Translated into 18 languages, the book helped foster the postmodernism art movement. That following fall, the two created a research studio for graduate students at Yale School of Art and Architecture. Izenour, a graduate student in the studio, accompanied his senior tutor colleagues, Venturi and Scott Brown, to Las Vegas in together with nine students of architecture and four planning and graphics students to study the urban form of the city. Las Vegas was regarded as a "non-city" and as an outgrowth of a "strip", along which were placed parking lots and singular frontages for gambling casinos, hotels, churches and bars. The research group studied various aspects of the city, including the commercial vernacular, lighting, patterns, styles, and symbolism in the architecture. Venturi and Scott Brown created a taxonomy for the forms, signs, and symbols they encountered.
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Goodreads helps you keep track of books you want to read. Want to Read saving…. Want to Read Currently Reading Read. Other editions. Enlarge cover. Error rating book. Refresh and try again. Open Preview See a Problem? Details if other :. Thanks for telling us about the problem. Return to Book Page. Steven Izenour. Denise Scott Brown. Editorial Reviews - Learning from Las Vegas From the Publisher Learning from Las Vegas created a healthy controversy on its appearance in , calling for architects to be more receptive to the tastes and values of "common" people and less immodest in their erections of "heroic," self-aggrandizing monuments.
This revision includes the full texts of Part I of the original, Editorial Reviews - Learning from Las Vegas From the Publisher Learning from Las Vegas created a healthy controversy on its appearance in , calling for architects to be more receptive to the tastes and values of "common" people and less immodest in their erections of "heroic," self-aggrandizing monuments. This revision includes the full texts of Part I of the original, on the Las Vegas strip, and Part II, "Ugly and Ordinary Architecture, or the Decorated Shed," a generalization from the findings of the first part on symbolism in architecture and the iconography of urban sprawl.
The final part of the first edition, on the architectural work of the firm Venturi and Rauch, is not included in the revision. The new paperback edition has a smaller format, fewer pictures, and a considerably lower price than the original. There are an added preface by Scott Brown and a bibliography of writings by the members of Venturi and Rauch and about the firm's work.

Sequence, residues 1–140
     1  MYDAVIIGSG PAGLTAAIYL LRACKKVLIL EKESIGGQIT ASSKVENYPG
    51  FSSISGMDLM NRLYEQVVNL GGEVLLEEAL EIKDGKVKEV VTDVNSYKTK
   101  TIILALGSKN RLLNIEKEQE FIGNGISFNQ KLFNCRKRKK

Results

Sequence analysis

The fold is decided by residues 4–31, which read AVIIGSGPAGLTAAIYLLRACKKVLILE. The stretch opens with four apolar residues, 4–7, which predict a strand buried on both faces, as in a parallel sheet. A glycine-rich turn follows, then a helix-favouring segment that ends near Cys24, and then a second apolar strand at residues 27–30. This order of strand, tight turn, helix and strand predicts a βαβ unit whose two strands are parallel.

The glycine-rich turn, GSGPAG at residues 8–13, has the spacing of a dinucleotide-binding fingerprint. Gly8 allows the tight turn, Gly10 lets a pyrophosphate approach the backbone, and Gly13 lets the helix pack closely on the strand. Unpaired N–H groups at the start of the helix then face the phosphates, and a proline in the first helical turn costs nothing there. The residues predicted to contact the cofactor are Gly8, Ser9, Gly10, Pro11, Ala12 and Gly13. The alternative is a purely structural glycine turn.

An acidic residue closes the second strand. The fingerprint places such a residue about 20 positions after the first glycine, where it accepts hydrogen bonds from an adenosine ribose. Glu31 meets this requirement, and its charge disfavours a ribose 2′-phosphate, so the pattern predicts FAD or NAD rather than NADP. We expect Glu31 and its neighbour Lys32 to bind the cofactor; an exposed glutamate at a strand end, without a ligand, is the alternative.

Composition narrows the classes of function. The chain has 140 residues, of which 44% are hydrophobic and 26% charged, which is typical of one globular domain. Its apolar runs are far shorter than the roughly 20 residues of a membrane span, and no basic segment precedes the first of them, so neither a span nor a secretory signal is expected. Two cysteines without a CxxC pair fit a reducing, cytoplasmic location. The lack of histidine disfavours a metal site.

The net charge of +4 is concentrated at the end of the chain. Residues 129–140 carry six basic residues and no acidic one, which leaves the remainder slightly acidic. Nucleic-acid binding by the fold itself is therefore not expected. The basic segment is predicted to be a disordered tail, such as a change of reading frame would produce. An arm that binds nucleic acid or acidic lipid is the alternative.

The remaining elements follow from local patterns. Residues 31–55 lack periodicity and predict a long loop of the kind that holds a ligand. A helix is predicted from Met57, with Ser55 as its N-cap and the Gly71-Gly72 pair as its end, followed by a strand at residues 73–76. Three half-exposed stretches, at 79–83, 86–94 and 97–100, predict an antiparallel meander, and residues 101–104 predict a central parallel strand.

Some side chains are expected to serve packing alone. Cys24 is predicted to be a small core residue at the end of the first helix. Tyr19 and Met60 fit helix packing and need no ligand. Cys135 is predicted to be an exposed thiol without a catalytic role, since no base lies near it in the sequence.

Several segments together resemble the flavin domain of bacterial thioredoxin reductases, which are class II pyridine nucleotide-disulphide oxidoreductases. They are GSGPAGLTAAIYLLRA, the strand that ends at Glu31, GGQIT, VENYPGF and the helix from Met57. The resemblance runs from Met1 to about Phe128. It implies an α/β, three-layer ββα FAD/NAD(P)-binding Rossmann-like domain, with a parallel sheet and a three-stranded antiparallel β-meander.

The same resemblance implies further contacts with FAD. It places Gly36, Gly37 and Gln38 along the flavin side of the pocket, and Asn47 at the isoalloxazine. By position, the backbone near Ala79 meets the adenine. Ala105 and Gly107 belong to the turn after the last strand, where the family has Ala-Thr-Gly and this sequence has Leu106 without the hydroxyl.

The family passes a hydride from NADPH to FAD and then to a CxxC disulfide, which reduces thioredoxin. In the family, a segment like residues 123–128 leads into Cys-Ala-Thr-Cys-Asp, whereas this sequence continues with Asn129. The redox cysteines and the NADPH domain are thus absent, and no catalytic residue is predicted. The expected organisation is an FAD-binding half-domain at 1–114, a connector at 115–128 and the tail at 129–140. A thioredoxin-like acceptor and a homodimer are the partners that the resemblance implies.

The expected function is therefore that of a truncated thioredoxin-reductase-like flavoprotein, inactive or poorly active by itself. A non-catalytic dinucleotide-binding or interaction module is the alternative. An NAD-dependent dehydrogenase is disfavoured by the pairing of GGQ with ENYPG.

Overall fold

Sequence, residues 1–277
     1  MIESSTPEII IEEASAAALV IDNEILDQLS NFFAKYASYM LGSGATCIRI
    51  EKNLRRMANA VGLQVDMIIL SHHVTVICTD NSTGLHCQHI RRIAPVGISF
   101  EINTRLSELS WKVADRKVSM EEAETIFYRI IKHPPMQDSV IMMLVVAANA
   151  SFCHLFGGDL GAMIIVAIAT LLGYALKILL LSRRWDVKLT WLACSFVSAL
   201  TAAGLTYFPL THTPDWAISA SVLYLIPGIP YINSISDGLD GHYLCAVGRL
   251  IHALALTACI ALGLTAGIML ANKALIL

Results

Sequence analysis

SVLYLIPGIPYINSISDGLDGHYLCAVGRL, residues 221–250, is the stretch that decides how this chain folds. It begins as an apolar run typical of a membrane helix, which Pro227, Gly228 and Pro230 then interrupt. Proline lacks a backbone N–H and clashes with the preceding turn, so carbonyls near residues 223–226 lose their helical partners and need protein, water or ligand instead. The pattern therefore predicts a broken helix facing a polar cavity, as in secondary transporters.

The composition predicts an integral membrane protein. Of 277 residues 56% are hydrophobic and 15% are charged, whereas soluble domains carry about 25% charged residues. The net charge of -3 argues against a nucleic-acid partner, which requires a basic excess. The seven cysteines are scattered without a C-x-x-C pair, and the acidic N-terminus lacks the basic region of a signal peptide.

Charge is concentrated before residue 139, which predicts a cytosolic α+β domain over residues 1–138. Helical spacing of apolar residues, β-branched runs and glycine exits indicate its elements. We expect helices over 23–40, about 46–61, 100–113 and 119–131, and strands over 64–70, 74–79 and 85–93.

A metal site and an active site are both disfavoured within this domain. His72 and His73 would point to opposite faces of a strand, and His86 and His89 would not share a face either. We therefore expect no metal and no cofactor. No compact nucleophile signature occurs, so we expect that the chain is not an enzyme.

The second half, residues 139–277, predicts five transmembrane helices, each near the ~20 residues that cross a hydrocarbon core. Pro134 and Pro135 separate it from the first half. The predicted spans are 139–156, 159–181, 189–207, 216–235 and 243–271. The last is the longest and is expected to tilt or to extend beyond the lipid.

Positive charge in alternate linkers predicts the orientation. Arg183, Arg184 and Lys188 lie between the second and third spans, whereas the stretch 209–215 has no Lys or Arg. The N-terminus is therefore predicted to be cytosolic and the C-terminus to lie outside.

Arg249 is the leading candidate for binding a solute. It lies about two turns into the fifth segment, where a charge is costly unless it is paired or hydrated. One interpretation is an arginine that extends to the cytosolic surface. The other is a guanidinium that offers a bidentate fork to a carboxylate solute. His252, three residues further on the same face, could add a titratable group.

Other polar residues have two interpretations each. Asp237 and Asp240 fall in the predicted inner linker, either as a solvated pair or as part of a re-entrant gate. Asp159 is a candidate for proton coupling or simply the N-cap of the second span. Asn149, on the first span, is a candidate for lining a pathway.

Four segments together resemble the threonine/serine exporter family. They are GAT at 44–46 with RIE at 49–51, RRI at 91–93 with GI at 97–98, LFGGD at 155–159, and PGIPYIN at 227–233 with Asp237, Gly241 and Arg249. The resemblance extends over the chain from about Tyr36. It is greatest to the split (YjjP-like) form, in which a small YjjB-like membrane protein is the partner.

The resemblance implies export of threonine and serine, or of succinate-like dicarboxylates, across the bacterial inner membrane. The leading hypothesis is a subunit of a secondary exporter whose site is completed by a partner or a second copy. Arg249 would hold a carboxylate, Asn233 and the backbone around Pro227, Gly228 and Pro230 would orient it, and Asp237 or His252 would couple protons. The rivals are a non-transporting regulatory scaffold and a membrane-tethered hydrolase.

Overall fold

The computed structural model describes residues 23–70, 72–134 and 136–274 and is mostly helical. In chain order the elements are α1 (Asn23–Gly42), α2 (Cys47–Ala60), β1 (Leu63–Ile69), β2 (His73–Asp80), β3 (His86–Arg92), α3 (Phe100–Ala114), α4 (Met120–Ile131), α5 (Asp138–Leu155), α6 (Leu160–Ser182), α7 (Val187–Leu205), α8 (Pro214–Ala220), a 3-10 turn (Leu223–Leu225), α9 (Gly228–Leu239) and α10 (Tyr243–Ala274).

Synopsis Learning from Las Vegas created a healthy controversy on its appearance in , calling for architects to be more receptive to the tastes and values of "common" people and less immodest in their erections of "heroic," self-aggrandizing monuments.
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Sort order. Nov 06, Jimmy rated it really liked it Shelves: architecture. Venturi has undoubtedly become the black sheep of late twentieth-century architecture. This book is part of the reason why. It's a rather bold, almost crass statement about the askew focus of Modern architecture.
He compares Rome to Las Vegas, not to mention the fact that he introduced postmodern irony into architectural perspectives, which the classicists and the moderns probably weren't too thrilled about.
His symbolical relativism more or less diminishes every formal masterpiece ever construc Venturi has undoubtedly become the black sheep of late twentieth-century architecture. His symbolical relativism more or less diminishes every formal masterpiece ever constructed, and he praises Las Vegas for being the ideal architectural environment for efficiently accommodating urban automobile culture.
Social concern, in the context of city planning is completely absent from this text. In a way, Venturi's text is written by that of a complete postmodern provocateur, single-handedly justifying ugliness in architecture "after modernism". Billboards, or those big flashy neon signs that sin city is so well known for function as symbolic representations of what a particular building or structure is trying to say. Ugliness is efficient here because it represents the point of the value of the building; what it does, what is sold within, what people go to this building for.
Venturi calls for the ordinary over the beautiful in approaches to a new architecture because he feels that the time period calls for it. He expresses it somewhat well in the following passage. Because this is not the time and ours is not the environment for heroic communication through pure architecture.
Each medium has its day, and the rhetorical environmental statements of our time-civic, commercial,or residential-will come from media more purely symbolic, perhaps less static and more adaptable to the scale of our environment. The iconography and mixed media of roadside commercial architecture will point the way, if we will look. I suppose that eyesores are eyesores for a reason. Venturi's text is certainly influential, even if it is dated.